Bernd Mayländer makes regular appearances in Formula One at the front of the field. That’s because the racing driver, born in Waiblingen in 1971, has since 2000 been the official driver of the Mercedes-Benz Formula One Safety Car – currently a Mercedes-AMG GT S (C 190). Mayländer began racing in 1990, first taking part in the Porsche Club Sport, Porsche Carrera Cup (overall victory in 1994) and Porsche Super Cup, as well as in long-distance races. Driving for the Persson Motorsport team, from 1995 he participated initially in the German Touring Car Championship (DTM) and the International Touring Car Championship (ITC), and from 1997 in the FIA GT Championship driving an AMG-Mercedes CLK-GTR. In 1997, together with Klaus Ludwig and Bernd Schneider, he won the race in Spielberg in an AMG-Mercedes CLK-GTR. In 2000 he was victorious in the 24 Hours Nürburgring at the wheel of a Porsche 996 GT3. Bernd Mayländer contested his final DTM season in 2004 as a member of the Rosberg team driving a Mercedes-Benz C-Class.
Born 20 July 1964 in St. Ingbert, Germany
Five DTM titles, 226 races in Mercedes-Benz racing touring cars as well as 102 podium finishes, making him the most successful driver of the championship series: Bernd Schneider is rightly known as “Mr DTM”. Although he has been competing in this racing series for around twenty years, his career began much earlier and also included other titles. He posted his first victories in karting and Formula 3. He also competed in Formula One, the 24 Hours of Le Mans and the FIA GT Championship, which he won in 1997. Yet his finest stage was the DTM, where he celebrated his most glorious triumphs. From 1992, Schneider drove for AMG-Mercedes and won the 1995 German Touring Car Championship for the team, having finished third in the overall classification in both 1992 and 1993. After DTM was recast as the German Touring Car Masters in 2000, Schneider won the title in 2000, 2001, 2003 and 2006. He also finished runner-up in 2002. In 2008, he announced his retirement from DTM and contested his last race on 26 October 2008 at the Hockenheimring. Following on from this magnificent career, from 2010 until 2014 Bernd Schneider competed in the Mercedes-AMG customer sports programme, again posting one victory after another. In addition, Bernd Schneider passes on his expert knowledge to Mercedes-Benz customers as an instructor at the AMG Driving Academy and is also active as a test driver and brand ambassador for Mercedes-AMG and Mercedes-Benz Classic.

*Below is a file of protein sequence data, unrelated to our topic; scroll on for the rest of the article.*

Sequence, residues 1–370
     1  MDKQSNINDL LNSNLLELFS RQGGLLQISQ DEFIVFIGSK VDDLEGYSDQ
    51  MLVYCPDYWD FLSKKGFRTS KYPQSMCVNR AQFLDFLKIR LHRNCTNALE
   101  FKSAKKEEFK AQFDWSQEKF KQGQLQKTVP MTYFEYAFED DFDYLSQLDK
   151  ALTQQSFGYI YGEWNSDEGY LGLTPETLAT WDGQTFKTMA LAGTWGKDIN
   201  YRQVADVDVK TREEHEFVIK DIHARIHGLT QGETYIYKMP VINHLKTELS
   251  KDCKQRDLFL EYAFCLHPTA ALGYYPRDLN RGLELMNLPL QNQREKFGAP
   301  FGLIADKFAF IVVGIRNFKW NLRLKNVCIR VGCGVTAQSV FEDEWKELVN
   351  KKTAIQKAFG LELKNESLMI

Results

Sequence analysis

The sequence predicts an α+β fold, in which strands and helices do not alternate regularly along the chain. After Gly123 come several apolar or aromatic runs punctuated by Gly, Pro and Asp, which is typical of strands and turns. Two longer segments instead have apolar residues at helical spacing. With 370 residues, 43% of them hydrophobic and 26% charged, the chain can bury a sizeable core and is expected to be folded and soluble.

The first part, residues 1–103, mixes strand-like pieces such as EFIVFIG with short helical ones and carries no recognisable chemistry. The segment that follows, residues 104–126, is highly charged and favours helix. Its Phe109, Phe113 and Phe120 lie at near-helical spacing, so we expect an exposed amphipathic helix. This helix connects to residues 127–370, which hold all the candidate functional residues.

“1000 Miglia” 2018: Mercedes-Benz Classic vehicles
Mercedes-Benz SSK (W 06, 1928)
Of the six-cylinder supercharged, high-performance sports cars in the Mercedes-Benz S-Series, the SSK (W 06) was the most exclusive and fascinating model. The model designation of this supercharged car with a 7.1-litre six-cylinder engine stood for Super-Sport Kurz (Super Sport Short) and featured a shorter wheelbase alongside its particular sportiness. Following numerous victories achieved by the Model S as the first model in the series, the succeeding SS and SSK models continued the success story: in the summer of 1928, works racing driver Rudolf Caracciola won the Gabelbach Race on the first attempt as well as the races to the top of the Schauinsland Mountain and Mont Ventoux with the brand-new SSK. In 1930, he won the European hill racing championship driving an SSK. In that same year, the supercharged sports car also took part in the Mille Miglia for the first time. Rudolf Caracciola and Christian Werner took sixth place in the overall classification with a driving time of 17 hours and 20 minutes. With reduced weight and another power increase to 220 kW (300 hp), the 1931 version, also known as the SSKL (Super Sport Short Light), achieved a spectacular success in the Mille Miglia: In April 1931, Rudolf Caracciola was the first non-Italian to win this demanding road race from Brescia to Rome and back – in a new record time of 16 hours and 10 minutes.
Technical data of the Mercedes-Benz SSK (production version)
Production period: 1928 to 1932